Angel Gurría, the former senior Mexican government official who took over as secretary general of the Organization for Economic Cooperation and Development last year, was warmly welcomed by USCIB members and friends at receptions in Washington, D.C. and New York on February 14 and 15.
The Paris-based OECD is the main intergovernmental forum for consultation and cooperation on economic and social policy among the United States, Europe, Japan and other advanced industrial economies, and it provides policy guidance to non-member economies such as China, Russia and India.
The Washington reception took place at the offices of Alston & Bird LLP following a meeting of USCIB’s Taxation Committee. Mr. Gurría, joined by Ambassador Connie Morella, the U.S. representative to the OECD, provided an advance look at USCIB’s upcoming OECD tax conference slated for this June, the third in a highly successful series of annual events focusing on the OECD’s influential work in areas like transfer pricing and reducing double taxation.
Ambassador Morella was also on hand at the Century Association in New York, where she was joined in welcoming Mr. Gurría by Tadahiro Asami of Japan, the new secretary general of the Business and Industry Advisory Committee (BIAC) to the OECD, BIAC Chairman Charles Heeter
(Deloitte), former USCIB President Abraham Katz, now president of the International Organization of Employers (IOE), and USCIB President Peter M. Robinson. Both BIAC and IOE form essential parts of USCIB’s global network.
In his remarks, Mr. Gurría reminded guests that the OECD’s founding charter mandated consultation with the business community, represented by BIAC, as an essential part of the organization’s structure. He praised the depth of BIAC’s work and American representation within BIAC, and he singled out USCIB members for their staunch support of the OECD’s funding in the most recent U.S. budgetary cycle.
Mapping out the OECD’s agenda for the coming months and years, Mr. Gurría said that he hoped the organization would continue to play its central role of championing open markets while helping member countries address the challenges of global integration. He warned that open trade and investment policies are under threat in a number of countries, both within the OECD and outside it. Mr. Gurría also looked ahead to increased OECD policy guidance to non-member economies such as China and India, and he laid out plans for new work in promoting innovation, including an upcoming OECD ministerial on innovation and growth this May and a ministerial on the Internet in mid-2008.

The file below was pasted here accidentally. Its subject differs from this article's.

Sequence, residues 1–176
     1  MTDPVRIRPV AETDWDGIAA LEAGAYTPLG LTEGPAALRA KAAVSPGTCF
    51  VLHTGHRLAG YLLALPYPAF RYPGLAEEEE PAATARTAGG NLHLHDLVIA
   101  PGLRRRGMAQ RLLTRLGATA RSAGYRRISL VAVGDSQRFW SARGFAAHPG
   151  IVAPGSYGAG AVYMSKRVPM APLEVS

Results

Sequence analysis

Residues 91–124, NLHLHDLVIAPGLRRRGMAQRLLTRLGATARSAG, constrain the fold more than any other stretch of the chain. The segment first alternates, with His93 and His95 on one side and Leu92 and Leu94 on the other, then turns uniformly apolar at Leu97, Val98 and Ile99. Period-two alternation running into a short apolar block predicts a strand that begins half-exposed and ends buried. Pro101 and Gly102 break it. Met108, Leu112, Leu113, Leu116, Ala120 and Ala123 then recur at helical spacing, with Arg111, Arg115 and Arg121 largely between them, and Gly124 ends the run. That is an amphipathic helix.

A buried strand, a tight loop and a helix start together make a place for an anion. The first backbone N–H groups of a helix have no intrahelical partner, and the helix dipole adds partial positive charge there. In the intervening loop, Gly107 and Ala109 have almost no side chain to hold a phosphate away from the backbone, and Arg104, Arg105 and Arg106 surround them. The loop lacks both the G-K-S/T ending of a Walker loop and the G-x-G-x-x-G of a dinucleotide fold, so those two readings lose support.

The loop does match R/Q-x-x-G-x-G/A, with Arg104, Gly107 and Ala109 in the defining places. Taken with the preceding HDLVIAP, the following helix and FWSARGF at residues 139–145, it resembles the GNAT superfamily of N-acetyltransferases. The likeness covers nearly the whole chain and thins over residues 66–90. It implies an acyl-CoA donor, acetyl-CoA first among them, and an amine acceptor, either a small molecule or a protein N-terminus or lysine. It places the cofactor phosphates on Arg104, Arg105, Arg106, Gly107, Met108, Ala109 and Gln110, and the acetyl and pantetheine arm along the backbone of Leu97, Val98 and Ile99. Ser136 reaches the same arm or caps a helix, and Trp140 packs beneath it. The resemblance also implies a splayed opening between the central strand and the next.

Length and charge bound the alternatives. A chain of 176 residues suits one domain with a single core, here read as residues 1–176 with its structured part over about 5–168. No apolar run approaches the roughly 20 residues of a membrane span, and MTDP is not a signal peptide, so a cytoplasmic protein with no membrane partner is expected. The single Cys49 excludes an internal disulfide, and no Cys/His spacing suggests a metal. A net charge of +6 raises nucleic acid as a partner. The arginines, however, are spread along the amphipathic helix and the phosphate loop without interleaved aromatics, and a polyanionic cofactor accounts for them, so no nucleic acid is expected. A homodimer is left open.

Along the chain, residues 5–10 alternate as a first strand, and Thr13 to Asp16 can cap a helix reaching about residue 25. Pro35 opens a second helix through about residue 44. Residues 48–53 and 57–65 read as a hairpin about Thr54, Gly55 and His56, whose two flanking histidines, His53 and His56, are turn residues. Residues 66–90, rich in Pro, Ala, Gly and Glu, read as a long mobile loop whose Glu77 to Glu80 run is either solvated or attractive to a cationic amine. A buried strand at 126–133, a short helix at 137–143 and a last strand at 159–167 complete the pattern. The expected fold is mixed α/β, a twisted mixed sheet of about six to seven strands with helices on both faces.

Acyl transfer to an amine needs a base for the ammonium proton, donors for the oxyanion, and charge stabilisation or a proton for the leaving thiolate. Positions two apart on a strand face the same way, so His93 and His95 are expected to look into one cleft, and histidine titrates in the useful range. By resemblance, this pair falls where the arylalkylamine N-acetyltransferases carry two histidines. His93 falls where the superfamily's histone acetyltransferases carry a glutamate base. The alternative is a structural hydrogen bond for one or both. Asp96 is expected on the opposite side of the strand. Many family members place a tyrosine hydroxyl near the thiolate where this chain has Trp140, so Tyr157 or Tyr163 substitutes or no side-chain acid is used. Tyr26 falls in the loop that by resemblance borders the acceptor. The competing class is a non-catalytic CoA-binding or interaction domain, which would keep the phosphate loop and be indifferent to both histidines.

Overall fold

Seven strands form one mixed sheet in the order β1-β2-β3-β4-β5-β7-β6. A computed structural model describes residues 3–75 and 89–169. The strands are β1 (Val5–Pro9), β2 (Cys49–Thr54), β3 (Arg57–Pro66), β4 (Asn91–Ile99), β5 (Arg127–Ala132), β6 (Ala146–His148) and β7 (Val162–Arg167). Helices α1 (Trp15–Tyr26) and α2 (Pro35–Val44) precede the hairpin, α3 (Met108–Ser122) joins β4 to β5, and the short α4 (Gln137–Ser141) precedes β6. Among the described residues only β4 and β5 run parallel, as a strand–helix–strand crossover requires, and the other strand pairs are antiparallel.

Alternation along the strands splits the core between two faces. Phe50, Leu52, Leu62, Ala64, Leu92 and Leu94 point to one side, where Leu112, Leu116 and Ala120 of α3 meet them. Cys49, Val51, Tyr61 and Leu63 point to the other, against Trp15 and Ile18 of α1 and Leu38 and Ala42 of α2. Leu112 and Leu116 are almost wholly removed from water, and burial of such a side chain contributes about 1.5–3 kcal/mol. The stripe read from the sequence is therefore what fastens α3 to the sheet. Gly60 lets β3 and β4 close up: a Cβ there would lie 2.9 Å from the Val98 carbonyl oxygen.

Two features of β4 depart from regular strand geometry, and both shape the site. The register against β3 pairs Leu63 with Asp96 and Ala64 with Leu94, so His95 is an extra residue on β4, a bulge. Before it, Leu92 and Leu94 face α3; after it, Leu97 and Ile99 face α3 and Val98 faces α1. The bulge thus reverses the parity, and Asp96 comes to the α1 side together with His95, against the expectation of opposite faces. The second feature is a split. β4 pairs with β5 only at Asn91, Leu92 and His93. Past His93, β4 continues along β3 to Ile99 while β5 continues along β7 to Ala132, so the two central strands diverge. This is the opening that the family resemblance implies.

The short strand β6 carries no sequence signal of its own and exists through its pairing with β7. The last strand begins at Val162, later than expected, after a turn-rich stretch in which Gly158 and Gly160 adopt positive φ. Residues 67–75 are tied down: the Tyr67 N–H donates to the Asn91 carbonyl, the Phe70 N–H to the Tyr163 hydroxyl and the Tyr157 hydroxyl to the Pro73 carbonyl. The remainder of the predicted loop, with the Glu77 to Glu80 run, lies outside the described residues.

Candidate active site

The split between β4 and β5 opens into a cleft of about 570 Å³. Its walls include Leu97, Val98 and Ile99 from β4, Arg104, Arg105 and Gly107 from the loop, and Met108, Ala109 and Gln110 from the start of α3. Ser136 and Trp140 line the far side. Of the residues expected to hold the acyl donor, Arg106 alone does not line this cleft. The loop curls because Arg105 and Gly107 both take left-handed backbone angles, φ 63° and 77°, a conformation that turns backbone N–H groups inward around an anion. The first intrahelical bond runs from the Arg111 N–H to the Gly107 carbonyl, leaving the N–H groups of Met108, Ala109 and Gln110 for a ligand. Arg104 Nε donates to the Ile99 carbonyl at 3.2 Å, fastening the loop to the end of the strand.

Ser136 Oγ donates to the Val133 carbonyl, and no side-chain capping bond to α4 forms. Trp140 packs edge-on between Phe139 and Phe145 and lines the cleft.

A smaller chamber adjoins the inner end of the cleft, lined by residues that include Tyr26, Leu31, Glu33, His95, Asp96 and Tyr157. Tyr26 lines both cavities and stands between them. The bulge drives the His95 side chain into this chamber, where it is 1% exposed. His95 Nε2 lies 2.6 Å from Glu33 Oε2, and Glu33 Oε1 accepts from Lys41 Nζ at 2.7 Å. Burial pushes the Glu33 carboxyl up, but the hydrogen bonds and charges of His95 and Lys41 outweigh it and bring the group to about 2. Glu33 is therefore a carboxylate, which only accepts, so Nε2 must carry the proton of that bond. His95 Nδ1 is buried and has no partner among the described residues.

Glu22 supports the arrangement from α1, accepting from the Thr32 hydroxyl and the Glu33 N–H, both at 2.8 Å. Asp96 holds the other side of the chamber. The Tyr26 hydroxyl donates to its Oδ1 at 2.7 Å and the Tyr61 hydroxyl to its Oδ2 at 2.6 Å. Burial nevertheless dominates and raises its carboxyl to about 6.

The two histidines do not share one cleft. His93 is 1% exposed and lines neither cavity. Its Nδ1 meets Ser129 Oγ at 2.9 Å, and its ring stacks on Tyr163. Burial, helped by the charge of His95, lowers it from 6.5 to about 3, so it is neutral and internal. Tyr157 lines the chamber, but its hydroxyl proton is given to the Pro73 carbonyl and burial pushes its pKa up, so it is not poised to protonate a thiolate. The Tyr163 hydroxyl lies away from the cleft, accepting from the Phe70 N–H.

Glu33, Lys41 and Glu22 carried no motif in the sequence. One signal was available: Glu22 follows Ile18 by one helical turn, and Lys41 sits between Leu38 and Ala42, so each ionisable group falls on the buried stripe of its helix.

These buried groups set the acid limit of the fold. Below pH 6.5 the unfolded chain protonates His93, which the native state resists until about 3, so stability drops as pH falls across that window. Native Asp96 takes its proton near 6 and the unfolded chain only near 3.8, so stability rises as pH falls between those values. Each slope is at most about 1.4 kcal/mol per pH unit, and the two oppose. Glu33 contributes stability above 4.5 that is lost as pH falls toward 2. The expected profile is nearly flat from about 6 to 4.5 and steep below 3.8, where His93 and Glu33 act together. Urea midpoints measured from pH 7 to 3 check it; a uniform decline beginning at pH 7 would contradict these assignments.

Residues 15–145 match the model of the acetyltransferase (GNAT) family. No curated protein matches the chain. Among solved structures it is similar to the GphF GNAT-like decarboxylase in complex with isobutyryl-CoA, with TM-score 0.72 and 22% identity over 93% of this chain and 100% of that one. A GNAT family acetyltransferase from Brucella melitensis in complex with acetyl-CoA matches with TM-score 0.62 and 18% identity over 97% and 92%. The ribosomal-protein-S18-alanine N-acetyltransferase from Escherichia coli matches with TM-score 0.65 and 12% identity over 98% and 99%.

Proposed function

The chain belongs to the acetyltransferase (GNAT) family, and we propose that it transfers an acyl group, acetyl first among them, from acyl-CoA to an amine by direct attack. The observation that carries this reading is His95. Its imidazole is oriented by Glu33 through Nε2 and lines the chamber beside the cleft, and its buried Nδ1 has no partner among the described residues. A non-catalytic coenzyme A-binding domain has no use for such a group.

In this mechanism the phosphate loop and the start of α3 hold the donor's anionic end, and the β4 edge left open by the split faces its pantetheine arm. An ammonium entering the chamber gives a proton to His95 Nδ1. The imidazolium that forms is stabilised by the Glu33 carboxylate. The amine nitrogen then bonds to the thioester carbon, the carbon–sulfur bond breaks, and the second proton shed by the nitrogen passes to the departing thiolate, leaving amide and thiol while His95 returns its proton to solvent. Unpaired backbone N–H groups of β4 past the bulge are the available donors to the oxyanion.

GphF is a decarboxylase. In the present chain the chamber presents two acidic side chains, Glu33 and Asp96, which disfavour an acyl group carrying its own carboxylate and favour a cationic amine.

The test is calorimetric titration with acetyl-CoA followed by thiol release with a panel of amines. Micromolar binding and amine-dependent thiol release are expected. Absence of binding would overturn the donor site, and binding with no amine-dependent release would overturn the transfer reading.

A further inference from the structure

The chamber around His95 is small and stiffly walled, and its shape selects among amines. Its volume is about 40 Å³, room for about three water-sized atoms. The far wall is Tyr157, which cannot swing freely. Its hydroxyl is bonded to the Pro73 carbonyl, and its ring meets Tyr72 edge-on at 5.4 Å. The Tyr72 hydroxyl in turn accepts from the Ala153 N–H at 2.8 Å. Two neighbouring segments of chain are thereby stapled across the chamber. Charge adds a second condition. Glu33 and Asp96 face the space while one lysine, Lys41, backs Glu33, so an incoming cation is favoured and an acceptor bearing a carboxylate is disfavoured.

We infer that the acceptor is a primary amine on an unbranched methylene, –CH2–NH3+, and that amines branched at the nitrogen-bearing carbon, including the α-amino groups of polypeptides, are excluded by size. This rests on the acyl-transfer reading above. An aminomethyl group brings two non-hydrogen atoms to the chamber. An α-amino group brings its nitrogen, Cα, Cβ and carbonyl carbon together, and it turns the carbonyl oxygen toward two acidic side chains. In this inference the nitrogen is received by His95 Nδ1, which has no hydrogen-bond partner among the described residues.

Mr. Gurría, who served in the 1990s as Mexico’s foreign minister and later finance minister under President Ernesto Zedillo, became head of the OECD in June 2006, the first representative of a developing country to lead the 30-nation group. He has made a top priority of broadening awareness of the OECD in the United States, especially in the business community and on Capitol Hill.
BIAC’s Mr. Asami, a former banker who became head of the OECD business group in January, also took advantage of the visit to meet with USCIB staff to discuss the range of American business engagement in BIAC and the OECD. He said that while he was new to BIAC, he was very familiar with the work of the OECD from his work with the Bank of Tokyo and later with Japan’s Institute for International Monetary Affairs.
Mr. Asami noted that BIAC might wish to make a priority of expanding and intensifying the OECD’s engagement with potential members such as Russia, which is actively seeking OECD membership, and eventually China. He said such a move could help both solidify the reform process and prevent backsliding in key emerging markets. BIAC is actively working to engage business from non-OECD countries in Latin America and China, to complement current BIAC observer members from Russia, Latvia, Israel and India.
Staff contact: Ronnie Goldberg